As well as the challenges of filming, production staff also had to ensure that the cast of 17 actors and 36 extras all boarded and left the train at exactly the right moment in the script. While aboard, the “travellers” had to sway as if they were standing on a moving train.

Kirsty Devine, Senior Curator at Riverside Museum, added “It was important we got the look perfect. We had to make sure the costumes, make-up, hairstyle and dialogue were all authentic. It was a fun and extraordinary couple of days. Everyone was fantastic, and it was lovely to see such enthusiasm for the new museum. By the time of the final shoot, however, wartime fatigue was definitely starting to show!”

Gavin McLellan, Director of the Riverside Museum Appeal, said “This filming is another example of the public support for the new Riverside Museum, with so many people giving up their whole weekend to feature in this film.  There’s still time for members of the public to become part of the new museum.  A donation to the Riverside Museum Appeal will ensure that your name or that of someone you love will be a permanent presence inside the museum, just like those who starred in this innovative wartime drama.  And despite the difficult financial circumstances, we’ve raised about £4million and have £1million to go – a terrific achievement.”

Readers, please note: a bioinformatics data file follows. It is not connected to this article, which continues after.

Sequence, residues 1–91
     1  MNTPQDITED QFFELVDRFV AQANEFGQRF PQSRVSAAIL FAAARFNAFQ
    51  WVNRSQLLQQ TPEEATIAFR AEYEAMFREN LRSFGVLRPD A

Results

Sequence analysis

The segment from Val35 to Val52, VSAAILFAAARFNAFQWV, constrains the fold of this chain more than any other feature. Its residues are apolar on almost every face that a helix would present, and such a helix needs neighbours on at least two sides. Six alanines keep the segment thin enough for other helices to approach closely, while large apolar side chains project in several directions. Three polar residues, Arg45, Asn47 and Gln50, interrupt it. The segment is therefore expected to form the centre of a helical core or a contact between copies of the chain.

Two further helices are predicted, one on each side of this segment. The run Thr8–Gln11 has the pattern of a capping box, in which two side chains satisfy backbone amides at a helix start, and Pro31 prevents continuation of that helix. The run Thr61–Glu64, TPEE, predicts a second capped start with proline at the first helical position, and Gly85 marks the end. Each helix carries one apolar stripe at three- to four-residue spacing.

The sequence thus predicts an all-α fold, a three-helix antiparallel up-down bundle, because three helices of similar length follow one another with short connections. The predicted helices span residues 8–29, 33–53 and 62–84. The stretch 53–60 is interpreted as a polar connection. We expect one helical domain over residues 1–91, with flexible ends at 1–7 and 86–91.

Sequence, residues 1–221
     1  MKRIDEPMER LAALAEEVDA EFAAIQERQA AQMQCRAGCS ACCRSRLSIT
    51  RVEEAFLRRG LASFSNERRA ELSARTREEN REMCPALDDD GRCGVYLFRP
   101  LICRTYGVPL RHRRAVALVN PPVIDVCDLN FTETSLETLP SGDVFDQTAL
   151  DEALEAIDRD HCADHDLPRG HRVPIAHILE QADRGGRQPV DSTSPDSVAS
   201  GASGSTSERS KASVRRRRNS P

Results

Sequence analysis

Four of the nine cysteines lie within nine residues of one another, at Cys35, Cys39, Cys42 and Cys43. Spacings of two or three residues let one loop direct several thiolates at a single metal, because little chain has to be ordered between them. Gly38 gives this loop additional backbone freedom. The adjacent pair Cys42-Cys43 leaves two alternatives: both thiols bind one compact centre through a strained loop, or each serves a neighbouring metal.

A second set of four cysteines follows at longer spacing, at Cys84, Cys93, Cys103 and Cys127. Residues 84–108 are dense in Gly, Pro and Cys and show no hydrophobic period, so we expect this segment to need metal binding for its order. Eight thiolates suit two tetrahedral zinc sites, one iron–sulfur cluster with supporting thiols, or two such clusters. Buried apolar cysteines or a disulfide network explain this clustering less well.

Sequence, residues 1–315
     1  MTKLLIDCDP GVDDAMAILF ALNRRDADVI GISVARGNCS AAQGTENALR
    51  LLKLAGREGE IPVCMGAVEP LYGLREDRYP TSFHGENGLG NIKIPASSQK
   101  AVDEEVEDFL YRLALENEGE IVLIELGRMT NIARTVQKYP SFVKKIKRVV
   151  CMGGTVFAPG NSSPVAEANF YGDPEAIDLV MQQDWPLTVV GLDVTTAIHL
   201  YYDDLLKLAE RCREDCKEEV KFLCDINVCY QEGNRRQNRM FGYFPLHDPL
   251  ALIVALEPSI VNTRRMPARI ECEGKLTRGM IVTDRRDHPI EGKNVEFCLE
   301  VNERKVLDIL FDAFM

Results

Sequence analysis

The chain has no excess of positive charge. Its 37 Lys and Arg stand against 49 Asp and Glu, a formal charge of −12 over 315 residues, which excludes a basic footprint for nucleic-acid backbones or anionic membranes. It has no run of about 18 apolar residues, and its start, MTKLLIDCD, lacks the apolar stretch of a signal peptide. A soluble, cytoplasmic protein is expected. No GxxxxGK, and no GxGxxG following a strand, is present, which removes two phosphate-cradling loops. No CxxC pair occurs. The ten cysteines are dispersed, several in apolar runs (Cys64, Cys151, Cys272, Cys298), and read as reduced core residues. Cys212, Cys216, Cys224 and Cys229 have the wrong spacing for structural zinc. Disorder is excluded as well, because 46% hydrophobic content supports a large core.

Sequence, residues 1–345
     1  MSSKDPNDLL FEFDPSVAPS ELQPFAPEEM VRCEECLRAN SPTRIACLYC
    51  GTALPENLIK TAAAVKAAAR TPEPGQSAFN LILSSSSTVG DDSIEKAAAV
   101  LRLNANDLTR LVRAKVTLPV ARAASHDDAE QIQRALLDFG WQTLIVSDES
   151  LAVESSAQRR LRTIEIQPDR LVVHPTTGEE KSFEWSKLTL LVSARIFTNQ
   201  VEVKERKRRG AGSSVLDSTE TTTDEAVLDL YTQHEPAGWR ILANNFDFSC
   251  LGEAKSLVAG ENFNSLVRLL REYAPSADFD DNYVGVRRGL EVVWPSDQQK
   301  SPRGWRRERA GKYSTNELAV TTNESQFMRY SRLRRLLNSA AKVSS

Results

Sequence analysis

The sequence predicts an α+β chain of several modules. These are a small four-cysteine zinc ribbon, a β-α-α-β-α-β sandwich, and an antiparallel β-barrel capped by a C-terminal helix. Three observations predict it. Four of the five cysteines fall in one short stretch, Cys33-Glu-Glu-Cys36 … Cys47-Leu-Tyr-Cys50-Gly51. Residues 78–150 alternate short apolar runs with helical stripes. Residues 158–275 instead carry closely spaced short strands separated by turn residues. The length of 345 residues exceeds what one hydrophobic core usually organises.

To donate online, please visit www.riversideappeal.org or text the word ‘Riverside’ and your name to 70700 to give £5.

Written by riversidestaff

April 23, 2011 at 5:59 am

Picture of the week

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Here’s an attempt to uphold Iona’s tradition of picture of the week. This is the car show room at the Museum of Transport, the majority of cars have gone and the wrapped items are bicycles waiting to be transported to the Riverside Museum.

Written by Rebecca Jackson

March 4, 2011 at 3:32 pm

A Riverside slideshow: some of Iona Shepherd’s finest photographs